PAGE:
Lukács could look to a renewal of realism through the significant bourgeois writers, notably Thomas Mann, and the potentials of a socialist realism that would escape the subjectivism and romanticism of Stalinist aesthetics. Today we are experiencing a glut of cultural production, but also a glut produced in a period of cultural constriction. Socialist realism is anathematized as Stalinist, alternative voices within the literary space are often treated as mere additions to existing cultural production, and experimental fiction is dominated by the naturalism that Lukács saw as the signature of modernism. Reality is reproduced in static, historical, and exotic forms, as if the cultural dominant were Flaubert’s Salammbô.

Jameson’s response is to explore the range of the inventions of a present, admirably global in scope. But we might return to his diagnosis of the representation of history in a nostalgic mode to suggest the limitations of these inventions. In that argument it was the aesthetic recreation of the past that threatened to subsume the past and commodify the past, as in the neo-noir of Chinatown.5 It would be interesting to play this point off against the more positive sense that Jameson now gives to the historical novel (or the novel as historical). While it would be a failure to concede that the past is simply saturated by its absorption into the present, it is also possible to be more critical of some of the modes of representing (or inventing) history in the present.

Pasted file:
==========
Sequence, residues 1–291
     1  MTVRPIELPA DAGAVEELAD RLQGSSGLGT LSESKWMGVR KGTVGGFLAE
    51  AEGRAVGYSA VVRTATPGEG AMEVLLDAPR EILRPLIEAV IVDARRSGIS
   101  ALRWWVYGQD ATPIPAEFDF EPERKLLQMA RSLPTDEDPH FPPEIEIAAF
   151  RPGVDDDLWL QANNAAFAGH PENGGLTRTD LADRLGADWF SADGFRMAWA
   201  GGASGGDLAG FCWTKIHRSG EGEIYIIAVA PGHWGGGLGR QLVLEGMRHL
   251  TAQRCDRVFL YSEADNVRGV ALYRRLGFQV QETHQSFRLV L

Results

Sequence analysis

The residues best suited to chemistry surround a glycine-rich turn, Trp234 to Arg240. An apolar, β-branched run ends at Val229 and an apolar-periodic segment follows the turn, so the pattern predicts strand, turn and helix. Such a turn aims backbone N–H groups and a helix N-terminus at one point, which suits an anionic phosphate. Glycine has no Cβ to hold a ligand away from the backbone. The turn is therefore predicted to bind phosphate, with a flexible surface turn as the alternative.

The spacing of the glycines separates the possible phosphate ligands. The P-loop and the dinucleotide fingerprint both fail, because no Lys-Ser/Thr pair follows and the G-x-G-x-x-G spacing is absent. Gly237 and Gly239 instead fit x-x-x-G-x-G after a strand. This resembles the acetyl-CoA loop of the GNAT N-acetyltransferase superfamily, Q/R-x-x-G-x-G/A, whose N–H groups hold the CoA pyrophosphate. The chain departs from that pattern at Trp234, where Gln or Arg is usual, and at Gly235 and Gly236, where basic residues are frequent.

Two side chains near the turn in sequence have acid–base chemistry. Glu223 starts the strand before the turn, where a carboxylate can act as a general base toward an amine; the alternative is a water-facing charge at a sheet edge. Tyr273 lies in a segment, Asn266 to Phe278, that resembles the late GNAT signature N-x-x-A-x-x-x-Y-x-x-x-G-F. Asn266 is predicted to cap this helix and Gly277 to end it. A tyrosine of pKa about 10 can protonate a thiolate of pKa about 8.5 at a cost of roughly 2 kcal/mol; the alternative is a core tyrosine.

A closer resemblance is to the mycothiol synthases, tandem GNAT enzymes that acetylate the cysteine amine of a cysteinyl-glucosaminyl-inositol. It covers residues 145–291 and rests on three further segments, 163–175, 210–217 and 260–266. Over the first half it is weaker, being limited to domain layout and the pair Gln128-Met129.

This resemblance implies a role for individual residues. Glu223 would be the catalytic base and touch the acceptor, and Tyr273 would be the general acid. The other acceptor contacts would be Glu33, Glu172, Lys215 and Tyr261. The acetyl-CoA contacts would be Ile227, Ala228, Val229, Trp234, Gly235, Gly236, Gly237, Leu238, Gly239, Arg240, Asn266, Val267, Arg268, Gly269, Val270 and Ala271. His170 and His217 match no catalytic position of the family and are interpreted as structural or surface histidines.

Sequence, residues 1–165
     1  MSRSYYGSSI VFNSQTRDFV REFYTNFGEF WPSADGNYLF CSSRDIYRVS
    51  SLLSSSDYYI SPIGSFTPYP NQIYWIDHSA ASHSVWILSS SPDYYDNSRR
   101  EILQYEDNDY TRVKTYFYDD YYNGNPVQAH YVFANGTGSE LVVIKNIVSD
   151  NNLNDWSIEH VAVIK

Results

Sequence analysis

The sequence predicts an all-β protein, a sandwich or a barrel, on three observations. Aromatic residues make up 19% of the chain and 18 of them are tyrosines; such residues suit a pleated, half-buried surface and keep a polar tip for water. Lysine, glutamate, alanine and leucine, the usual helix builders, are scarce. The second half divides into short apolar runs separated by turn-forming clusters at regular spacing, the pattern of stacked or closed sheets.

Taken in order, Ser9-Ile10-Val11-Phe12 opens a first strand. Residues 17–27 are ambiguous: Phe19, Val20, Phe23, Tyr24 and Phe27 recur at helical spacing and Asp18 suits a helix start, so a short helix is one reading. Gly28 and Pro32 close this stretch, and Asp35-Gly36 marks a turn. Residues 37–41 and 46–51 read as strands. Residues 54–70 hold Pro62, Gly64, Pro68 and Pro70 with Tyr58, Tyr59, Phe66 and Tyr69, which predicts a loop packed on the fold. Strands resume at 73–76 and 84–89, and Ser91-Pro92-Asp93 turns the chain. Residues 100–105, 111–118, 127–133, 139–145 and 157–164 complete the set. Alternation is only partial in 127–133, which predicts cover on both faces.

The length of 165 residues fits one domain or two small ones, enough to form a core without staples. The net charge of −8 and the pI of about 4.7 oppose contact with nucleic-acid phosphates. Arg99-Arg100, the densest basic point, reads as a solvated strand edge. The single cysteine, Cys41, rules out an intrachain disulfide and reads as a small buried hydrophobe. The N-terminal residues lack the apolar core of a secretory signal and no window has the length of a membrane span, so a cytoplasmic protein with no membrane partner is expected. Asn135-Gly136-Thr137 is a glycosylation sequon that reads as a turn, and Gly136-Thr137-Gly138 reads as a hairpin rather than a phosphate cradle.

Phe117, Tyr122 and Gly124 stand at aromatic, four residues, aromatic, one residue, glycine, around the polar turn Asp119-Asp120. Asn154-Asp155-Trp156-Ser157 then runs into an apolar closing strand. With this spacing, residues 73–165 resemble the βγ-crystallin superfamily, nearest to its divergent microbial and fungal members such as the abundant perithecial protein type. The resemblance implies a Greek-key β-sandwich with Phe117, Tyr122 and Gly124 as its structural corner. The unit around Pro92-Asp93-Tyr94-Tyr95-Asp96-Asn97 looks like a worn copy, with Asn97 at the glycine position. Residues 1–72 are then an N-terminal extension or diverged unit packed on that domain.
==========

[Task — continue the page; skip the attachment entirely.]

The resurgence of the historical novel is not in doubt, as Anderson has detailed, as well as the resurgence of fantasy fiction, absent from Jameson’s survey except in the form of magical realism. Jameson’s hopefulness is, however, only the inverse of Anderson’s pessimism, with his novel of catastrophe. We stand at what seems like a very Benjaminian crossroads: between the angel’s gaze toward the past as catastrophe, and the potential messianic transformation into collective redemption. It only seems like this because we cannot mediate the present between past and future. Lacking a realism that would explore the present, including the sense of the present as impasse, we cannot find any dynamism. Our ability to scry the present, to anatomize the mines that will explode the present, depends on a realism that can grasp these contradictions and not reproduce them, as well as indicate a path beyond them.


Jameson, Inventions of a Present (Verso, 2024), 1. Further references in-line.


Jameson, The Political Unconscious (Routledge, 2002), 88.


Jameson, A Singular Modernity: Essay on the Ontology of the Present (Verso, 2013).


Anderson, “From Progress to Catastrophe,” in Different Speeds, Same Furies: Powell, Proust and Other Literary Forms (Verso, 2022).


Jameson, Postmodernism, or, The Cultural Logic of Late Capitalism (Verso, 1991), 18.

Literature, Marxism, Critical Theory
Fiction, Science Fiction

Benjamin Noys is Professor of Critical Theory at the University of Chichester (UK). His most recent book is Crisis and Criticism: Literary, Cultural and Political Essays, 2009–2021 (2023).